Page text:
But Nora, like Travis, felt the day belonged to Einstein more than to anyone else. She gave him the portrait on which she had been working all month, and the retriever seemed stunned and flattered and delighted that she had seen fit to immortalize him in paint. He got three new Mickey Mouse videotapes, a pair of fancy metal food and water bowls with his name engraved on them to replace the plastic dishes he had been using, his own small battery-powered clock that he could take with him to any room in the house (he was showing an increasing interest in time), and several other presents, but he was repeatedly drawn to the portrait, which they propped against the wall for his inspection. Later, when they hung it above the living-room fireplace, Einstein stood on the hearth and peered up at the picture, pleased and proud.

  Like any kid, Einstein perversely took almost as much pleasure in playing with empty boxes, crumpled wrapping paper, and ribbons as he did with the gifts themselves. And one of his favorite things was a joke gift: a red Santa cap with a white pom-pom on the tip, which was held on his head by an elastic strap. Nora put it on him just for fun. When he saw himself in a mirror, he was so taken with his appearance that he objected when, a few minutes later, she tried to take the cap off him. He kept it on most of the day.

  Jim Keene and Pooka arrived in the early afternoon, and Einstein herded them straight into the living room to look at his portrait above the mantel. For an hour, watched over by Jim and Travis, the two dogs played together in the backyard. That activity, having been preceded by the excitement of the morning’s gift-giving, left Einstein in need of a nap, so they returned to the house, where Jim and Travis helped Nora prepare Christmas dinner.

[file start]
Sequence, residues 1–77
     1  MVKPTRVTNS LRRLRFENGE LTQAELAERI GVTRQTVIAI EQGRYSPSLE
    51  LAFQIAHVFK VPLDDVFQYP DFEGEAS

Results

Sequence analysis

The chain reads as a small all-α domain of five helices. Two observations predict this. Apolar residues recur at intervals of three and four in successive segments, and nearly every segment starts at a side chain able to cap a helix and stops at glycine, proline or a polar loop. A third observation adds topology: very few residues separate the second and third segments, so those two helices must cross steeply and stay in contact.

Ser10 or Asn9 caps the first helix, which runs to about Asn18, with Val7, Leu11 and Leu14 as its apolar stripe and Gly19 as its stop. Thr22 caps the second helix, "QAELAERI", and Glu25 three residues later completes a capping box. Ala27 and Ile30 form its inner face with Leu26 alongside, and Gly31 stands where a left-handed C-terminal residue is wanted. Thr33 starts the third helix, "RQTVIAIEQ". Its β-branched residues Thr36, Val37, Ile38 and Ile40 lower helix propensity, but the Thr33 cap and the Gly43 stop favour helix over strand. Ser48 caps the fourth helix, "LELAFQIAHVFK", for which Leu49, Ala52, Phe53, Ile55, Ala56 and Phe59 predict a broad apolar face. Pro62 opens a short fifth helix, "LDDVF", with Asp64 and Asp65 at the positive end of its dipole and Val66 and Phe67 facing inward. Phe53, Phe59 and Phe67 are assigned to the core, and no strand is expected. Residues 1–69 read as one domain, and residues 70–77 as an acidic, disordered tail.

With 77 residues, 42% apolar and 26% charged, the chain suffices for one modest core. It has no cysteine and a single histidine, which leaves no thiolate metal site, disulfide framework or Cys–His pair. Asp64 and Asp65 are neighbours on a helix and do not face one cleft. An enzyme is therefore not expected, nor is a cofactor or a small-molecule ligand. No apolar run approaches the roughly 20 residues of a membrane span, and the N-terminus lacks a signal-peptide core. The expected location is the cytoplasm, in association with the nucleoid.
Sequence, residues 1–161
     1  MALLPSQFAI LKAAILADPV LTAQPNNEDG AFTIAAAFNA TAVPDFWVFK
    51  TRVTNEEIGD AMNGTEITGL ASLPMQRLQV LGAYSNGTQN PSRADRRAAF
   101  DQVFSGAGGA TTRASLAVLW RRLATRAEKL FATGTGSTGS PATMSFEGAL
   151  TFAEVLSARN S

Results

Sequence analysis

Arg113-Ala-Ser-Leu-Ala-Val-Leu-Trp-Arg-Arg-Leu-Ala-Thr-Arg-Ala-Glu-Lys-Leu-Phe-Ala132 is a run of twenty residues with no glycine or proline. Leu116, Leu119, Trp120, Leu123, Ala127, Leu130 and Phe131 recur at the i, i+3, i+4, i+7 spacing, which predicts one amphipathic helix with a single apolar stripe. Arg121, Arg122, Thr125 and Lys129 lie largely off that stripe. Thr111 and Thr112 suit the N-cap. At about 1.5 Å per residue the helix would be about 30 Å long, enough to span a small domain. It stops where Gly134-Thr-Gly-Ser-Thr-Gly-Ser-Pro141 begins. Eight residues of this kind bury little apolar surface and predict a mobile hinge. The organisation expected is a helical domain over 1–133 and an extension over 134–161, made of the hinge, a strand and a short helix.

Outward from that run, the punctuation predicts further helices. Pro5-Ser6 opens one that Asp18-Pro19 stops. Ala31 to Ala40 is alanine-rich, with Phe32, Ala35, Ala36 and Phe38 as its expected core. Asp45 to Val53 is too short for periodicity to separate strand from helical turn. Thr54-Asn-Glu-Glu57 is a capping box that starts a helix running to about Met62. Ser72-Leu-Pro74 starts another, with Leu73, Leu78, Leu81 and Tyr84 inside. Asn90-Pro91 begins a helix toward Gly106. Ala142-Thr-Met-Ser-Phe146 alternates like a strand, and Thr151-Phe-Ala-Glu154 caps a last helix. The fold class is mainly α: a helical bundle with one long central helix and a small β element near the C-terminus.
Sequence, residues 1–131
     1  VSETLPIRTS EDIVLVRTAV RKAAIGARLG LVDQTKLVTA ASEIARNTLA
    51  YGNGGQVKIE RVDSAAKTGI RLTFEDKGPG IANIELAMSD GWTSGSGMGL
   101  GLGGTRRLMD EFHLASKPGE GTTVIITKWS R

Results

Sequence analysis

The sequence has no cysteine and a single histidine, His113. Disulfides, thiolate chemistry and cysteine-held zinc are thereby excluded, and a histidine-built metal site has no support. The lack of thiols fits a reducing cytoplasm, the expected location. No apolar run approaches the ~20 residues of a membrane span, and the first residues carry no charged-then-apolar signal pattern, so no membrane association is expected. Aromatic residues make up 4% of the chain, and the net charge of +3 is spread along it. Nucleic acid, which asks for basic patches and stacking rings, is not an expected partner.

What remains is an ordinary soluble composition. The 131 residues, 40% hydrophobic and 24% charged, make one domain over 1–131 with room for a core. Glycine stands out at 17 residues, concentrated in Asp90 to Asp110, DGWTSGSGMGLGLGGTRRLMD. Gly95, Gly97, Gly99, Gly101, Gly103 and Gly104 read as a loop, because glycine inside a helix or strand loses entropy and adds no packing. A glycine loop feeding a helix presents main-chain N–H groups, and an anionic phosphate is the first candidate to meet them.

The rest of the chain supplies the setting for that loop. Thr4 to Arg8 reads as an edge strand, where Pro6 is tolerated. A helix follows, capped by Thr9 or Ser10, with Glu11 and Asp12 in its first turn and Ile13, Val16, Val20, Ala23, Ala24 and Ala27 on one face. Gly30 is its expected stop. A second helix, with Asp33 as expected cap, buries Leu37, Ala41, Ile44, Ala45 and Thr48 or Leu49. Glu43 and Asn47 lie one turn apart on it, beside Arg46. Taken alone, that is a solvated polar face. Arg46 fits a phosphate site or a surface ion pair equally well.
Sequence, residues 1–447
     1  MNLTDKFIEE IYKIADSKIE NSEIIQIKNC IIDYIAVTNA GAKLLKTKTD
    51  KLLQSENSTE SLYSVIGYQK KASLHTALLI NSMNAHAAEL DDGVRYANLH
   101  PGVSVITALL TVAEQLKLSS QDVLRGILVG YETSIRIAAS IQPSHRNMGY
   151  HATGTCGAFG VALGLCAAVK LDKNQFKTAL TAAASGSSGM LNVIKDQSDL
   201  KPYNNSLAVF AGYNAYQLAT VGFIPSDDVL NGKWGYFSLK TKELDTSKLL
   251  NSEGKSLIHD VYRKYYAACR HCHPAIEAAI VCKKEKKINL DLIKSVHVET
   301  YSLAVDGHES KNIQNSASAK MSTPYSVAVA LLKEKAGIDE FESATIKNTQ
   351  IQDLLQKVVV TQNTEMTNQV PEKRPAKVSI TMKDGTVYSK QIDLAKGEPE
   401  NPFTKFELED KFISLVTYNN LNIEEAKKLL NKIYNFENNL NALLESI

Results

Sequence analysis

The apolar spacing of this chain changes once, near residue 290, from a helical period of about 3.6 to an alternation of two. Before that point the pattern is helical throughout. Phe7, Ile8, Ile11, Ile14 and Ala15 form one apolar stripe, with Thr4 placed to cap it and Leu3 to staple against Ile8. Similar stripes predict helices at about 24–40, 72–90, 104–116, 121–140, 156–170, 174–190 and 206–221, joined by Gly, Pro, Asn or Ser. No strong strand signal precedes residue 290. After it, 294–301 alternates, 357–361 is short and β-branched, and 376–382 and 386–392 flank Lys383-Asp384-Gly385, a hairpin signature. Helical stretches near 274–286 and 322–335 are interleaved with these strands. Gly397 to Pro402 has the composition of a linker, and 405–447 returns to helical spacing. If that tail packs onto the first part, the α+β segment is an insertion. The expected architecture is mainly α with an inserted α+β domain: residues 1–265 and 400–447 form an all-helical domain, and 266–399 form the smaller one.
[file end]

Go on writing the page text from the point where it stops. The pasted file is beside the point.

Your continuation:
After his nap, Einstein tried to interest Pooka in Mickey Mouse cartoons, but Nora saw that he met with only limited success. Pooka’s attention span didn’t even last long enough for Donald or Goofy or Pluto to get Mickey into trouble. In respect of his companion’s lower IQ, and apparently not bored with such company, Einstein turned the television off and engaged in strictly doggy activities: some light wrestling in the den and a lot of lying around, nose to nose, silently communing with each other about canine concerns.

  By early evening, the house was filled with the aromas of turkey, baked corn, yams, and other goodies. Christmas music played. And in spite of the interior shutters that had been bolted over the windows when the early-winter night had fallen, in spite of the guns near at hand, in spite of the demonic presence of The Outsider that always lurked in the back of her mind, Nora had never been happier.

  During dinner, they talked about the baby, and Jim asked if they had given any thought to names. Einstein, eating in the corner with Pooka, was instantly intrigued by the idea of participating in the naming of their first-born. He dashed immediately to the pantry to spell out his suggestion.

  Nora left the table to see what name the dog thought suitable.


  “Absolutely not!” she said. “We’re not naming my baby after a cartoon mouse.”


  “Nor a duck.”


  “Pluto? Get serious, fur face.”


  Nora firmly restrained him from pushing the letter-dispensing pedals any more, gathered up the used tiles and put them away, turned off the pantry light, and went back to the table. “You may think it’s hilarious,” she told Travis and Jim, who were choking with laughter, “but he’s serious!”